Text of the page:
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Phenotypic value

Figure 9.9 General types of natural selection on quantitative traits. Directional selection occurs when phenotypic values at the upper or lower end of the distribution have the highest fitness. Stabilizing selection occurs when intermediate trait values have the highest fitness. Disruptive selection occurs when trait values at the edges of the phenotypic distribution have the highest fitness. Response to directional selection increases or decreases the population mean phenotype. Response to stabilizing or disruptive selection does not change the mean but decreases or increases the variance of the phenotypic distribution.

in phenotypic value decreases over time since individuals with phenotypic values at the upper and lower extremes have lower fitness values and do not contribute to future generations. Similarly, the mean phenotypic value in a population does not change with response to disruptive selection. Disruptive selection causes the variance in phenotypic values to increase since individuals at the upper and lower extremes of the distribution have higher fitness than individuals with phenotypic values near the mean. Disruptive selection results in the phenotypic distribution widening over time, and the distribution of phenotypic values can eventually become bimodal.

The heritability provides the basis for predicting the outcome of natural selection on quantitative traits according to

where R is the response to selection, h2 is the narrowsense heritability, and s is the selection differential that measures the strength of natural selection. R and s are measured in the same units used to measure phenotypic value (e.g. kilograms, centimeters). Equation 9.11 is commonly called the breeder's equation because it predicts the change in mean phenotype in a population that will occur due to one generation of artificial selection as often employed by animal and plant breeders. The response to selection predicted by the breeder's equation is intuitive. Stronger natural selection or phenotypic variation that has a greater basis in additive genetic variance will result in a greater change in the mean pheno-type in a population.

To better understand how natural selection changes the mean phenotypic value, let's work through an example of directional selection based on pheno-typic value. The change in mean phenotype in a population caused by natural or artificial selection depends both on the force or amount of selection that is applied to the population and on genetic variation in the trait. The selection differential is one way to measure the strength of directional natural selection on quantitative traits. The selection differential is the difference between the phenotypic mean of the entire population and the phenotypic mean of that subset of individuals selected on the basis of their phenotypic value to be parents of the next generation. The selection threshold (sometimes called the truncation point) seen in Fig. 9.10 is the lower bound of phenotypic values in the group of parents selected to mate. The selection differential is com puted as the difference in the phenotypic mean of the selected parents (ps) and the phenotypic mean of the entire P1 population (p):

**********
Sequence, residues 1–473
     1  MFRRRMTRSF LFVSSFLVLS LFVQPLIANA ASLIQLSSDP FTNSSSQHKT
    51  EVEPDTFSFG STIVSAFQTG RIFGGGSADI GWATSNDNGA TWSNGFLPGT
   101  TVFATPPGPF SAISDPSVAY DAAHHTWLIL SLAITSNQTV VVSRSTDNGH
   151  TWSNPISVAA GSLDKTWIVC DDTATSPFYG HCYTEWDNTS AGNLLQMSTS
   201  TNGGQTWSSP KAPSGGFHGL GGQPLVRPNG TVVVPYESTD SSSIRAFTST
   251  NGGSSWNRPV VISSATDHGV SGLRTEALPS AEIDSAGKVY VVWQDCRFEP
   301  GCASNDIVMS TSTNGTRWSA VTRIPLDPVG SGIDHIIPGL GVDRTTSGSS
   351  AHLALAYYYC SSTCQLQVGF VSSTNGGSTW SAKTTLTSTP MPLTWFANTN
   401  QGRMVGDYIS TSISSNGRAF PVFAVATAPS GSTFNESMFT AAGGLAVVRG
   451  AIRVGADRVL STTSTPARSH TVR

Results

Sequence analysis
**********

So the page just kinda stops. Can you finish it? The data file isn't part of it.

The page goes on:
As shown in Fig. 9.10, the selection differential for this case is s = 12.5 - 10.0 = 2.5 (9.13)

which expresses that the selected parents have a 2.5-unit greater average phenotypic value than the full population that they were sampled from. Larger selection differential values indicate stronger selection. Although not true in this example, selection differentials are often expressed in units of standard deviations by standardizing phenotypic values in the parental population to have a mean of zero and a variance of one.

Imagine now that those individuals with pheno-typic values above the selection threshold in the P1 population mate at random and then produce a large population of progeny that are reared in the same environment as the parents. The phenotypic distribution of the progeny is shown in the lower panel of Fig. 9.10. The progeny have a mean phenotypic value of p'= 11.0. The difference between the F1 population phenotypic mean and the pheno-typic mean of the entire P1 population expresses how much the phenotypic mean was changed by selection for larger trait values in the parents. The response to selection is

The phenotypic mean in this example was increased one unit by directional selection in the P1 population.

The response to selection is a function of the amount of phenotypic variation that is due to additive genetic variation according to the breeder's equation. Since both the response to selection and the selection differential are known, it is then possible to estimate the heritability by rearranging the breeder's equation:

When estimated in this way, P2 is called the realized heritability since it is estimated from the observed response to selection rather than predicted by resemblance of parents and progeny in the absence of selection. Using the selection differential

P1 mean

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